The first step? "Start by identifying the top five sources of added sugar in your diet. I find the easiest way to do this is to track your food intake in an app like MyFitnessPal so you can quickly see the nutritional information and easily find the biggest sources of added sugar," Palinski-Wade suggests. "From there, work to make simple swaps to scale back on sugar."

Need some ideas for swaps and additions to make? Here are a few ideas below.

1. Oatmeal


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Packed with soluble fiber, oatmeal is a whole-grain, low-sugar superfood that provides a steady source of energy and keeps you feeling full. It's easy to digest and even easier to prepare—starting your day with a bowl of homemade oatmeal is the oldest, and most helpful trick in the book. Pre-portioned packs make it a no-brainer for a stable breakfast on the go and while traveling.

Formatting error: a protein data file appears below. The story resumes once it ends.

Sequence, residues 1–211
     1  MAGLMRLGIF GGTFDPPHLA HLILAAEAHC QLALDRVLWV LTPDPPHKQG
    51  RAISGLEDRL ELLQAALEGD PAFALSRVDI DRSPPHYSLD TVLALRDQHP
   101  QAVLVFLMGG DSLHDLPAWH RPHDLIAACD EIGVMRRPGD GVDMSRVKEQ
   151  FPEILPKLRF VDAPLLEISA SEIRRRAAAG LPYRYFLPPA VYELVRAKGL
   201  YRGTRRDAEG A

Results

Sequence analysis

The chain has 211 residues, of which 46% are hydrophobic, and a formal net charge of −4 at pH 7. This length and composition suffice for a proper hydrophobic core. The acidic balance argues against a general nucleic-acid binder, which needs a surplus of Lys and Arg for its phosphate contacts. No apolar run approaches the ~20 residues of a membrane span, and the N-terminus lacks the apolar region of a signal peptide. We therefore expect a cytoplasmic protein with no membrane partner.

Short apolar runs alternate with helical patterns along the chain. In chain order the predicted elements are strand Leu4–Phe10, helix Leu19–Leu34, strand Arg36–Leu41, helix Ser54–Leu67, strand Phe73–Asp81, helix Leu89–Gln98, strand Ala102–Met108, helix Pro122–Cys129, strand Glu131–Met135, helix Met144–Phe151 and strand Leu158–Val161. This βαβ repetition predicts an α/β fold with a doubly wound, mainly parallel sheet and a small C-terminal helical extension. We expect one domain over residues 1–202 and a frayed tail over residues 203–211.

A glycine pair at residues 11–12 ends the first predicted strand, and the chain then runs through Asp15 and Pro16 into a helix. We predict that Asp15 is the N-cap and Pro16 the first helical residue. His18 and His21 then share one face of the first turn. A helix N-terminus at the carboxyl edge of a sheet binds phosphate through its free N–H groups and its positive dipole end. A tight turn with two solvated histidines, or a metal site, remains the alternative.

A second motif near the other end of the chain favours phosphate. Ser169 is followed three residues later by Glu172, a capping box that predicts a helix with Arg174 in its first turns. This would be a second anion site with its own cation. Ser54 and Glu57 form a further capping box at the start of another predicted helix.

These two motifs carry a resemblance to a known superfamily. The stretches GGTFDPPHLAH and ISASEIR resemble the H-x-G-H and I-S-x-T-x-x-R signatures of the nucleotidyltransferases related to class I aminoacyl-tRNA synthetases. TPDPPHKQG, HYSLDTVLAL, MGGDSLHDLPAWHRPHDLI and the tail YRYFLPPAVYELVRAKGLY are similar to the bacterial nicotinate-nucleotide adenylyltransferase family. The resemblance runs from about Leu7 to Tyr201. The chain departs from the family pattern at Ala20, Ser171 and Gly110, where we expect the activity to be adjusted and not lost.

In general, carbs (such as cereal, white flour, pasta, and bread) can be full of processed sugar, and since they're without fiber, they aren't filling, leaving you craving a whole lot more. Look for filling ancient grains such as buckwheat, wild rice, farro, quinoa, and amaranth. Try a new one each week to find your favorite.

2. Leafy Greens


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Without a doubt, there is nothing leafy greens can't be good for. Whether it's arugula, spinach, kale, or cruciferous veggies like cabbage and Brussels, they just contain so many vitamins, minerals, and a host of phytonutrients, and they're all great additions to your diet.